Even if the House managed to get a bill passed, though, it’s not at all clear that anything the House passed has any chance at all in the Senate. The last time that the Senate tried to deal with immigration at all was three months ago when it rejected an effort by Arizona Senator Jeff Flake that would have provided temporary protection to DACA beneficiaries that would have lasted for three years. Before that, the Senate had rejected four different DACA proposals including one put forward by a bipartisan group that called itself the Common Sense Coalition. This came after the events of January when the government was temporarily shut down partly due to the DACA issue and the fact that the President had essentially pulled the carpet out from under both Democrats and Republicans in the Senate when he turned around and rejected a deal that he had negotiated with Senate Minority Leader Chuck Schumer that would have protected DACA beneficiaries as well as providing the President with the funding for his border wall, which he continues to say is a non-negotiable requirement for any bill he would consider. Additionally, any bill capable of making it through the Senate would likely need to be amended significantly in order to both keep the existing Republican caucus united in support of the measure and at the same time attract at least nine Democratic votes to invoke cloture. At that point, the bill likely would resemble the House bill in name only, and the whole measure would have to go back to the House to be passed in the same form it passed the Senate or be put before a House-Senate Conference Committee in the hope that something capable of passing both chambers can be hammered out.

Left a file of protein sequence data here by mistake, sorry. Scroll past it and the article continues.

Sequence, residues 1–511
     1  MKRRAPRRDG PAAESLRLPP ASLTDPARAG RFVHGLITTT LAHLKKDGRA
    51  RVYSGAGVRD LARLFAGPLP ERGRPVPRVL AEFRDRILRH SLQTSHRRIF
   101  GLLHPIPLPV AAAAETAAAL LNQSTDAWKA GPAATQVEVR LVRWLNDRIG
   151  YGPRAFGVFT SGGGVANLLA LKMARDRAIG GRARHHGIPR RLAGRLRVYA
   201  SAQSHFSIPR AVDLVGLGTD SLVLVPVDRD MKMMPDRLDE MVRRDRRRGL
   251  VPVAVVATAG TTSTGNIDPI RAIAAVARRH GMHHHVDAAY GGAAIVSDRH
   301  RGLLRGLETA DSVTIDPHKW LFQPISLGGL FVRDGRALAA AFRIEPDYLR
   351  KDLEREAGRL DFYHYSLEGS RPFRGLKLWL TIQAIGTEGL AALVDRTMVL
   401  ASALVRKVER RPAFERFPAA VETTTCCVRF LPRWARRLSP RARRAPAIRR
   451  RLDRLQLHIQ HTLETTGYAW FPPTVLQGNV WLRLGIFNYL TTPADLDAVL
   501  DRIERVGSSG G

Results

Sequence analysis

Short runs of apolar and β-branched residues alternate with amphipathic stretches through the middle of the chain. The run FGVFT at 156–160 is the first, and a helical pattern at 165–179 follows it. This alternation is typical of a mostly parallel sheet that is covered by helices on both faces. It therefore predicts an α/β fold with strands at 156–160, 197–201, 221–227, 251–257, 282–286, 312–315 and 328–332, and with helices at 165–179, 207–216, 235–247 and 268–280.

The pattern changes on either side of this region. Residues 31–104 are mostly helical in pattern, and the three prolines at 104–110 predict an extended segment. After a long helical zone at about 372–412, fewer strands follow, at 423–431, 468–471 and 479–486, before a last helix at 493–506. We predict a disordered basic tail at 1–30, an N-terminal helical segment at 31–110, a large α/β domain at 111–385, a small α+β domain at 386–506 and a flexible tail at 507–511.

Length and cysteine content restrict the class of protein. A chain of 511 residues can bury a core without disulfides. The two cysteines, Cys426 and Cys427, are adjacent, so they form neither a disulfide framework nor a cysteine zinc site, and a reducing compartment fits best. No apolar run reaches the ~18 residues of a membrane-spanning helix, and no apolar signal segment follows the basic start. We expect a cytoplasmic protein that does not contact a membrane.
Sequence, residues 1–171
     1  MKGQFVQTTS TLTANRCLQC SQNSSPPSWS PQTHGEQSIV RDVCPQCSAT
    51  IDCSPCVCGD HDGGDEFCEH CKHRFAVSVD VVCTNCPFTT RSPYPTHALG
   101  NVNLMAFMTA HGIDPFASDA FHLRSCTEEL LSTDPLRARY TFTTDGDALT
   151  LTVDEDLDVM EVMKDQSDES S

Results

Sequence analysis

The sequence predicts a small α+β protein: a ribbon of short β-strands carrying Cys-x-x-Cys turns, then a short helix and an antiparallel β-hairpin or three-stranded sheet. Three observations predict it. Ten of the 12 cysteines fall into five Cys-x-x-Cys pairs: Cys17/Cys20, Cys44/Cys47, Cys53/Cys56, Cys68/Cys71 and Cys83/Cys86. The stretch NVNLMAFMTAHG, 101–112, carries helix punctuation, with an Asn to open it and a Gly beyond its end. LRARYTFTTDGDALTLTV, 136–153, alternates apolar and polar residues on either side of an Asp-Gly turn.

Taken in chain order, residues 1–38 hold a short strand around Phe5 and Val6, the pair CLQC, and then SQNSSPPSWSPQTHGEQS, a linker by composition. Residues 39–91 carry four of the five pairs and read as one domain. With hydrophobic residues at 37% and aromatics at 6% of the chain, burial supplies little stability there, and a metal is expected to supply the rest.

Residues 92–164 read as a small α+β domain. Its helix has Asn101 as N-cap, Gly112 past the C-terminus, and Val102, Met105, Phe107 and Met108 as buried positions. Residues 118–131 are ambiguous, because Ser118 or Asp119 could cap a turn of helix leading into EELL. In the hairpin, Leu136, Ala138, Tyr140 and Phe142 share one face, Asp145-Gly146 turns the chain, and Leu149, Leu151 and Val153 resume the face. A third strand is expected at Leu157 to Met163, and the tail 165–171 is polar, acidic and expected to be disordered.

Even if that were to happen, though, these tweets make clear that nobody can depend upon the President to support any proposal at all. Yesterday afternoon, he was allegedly on the phone with Republican Congressman working to garner support for the leadership’s proposal. This morning he was on Twitter pulling the rug out from underneath the entire plan. At this point, there’s no reason for anyone in Congress to take the President’s word when it comes to pending legislation because he has demonstrated time and again that he’s willing to throw his own party under the bus at a moment’s notice. The best example of that came last summer when he called the health care reform bill that passed the House “mean” just weeks after celebrating its passage with an absurdly over the top event in the White House Rose Garden. There’s every reason to believe he’d do the same thing on immigration, especially if he doesn’t get sufficient funding for his ridiculous border wall. In other words, you can put the odds of immigration reform of any kind passing Congress and becoming law before the midterms at somewhere between slim and none.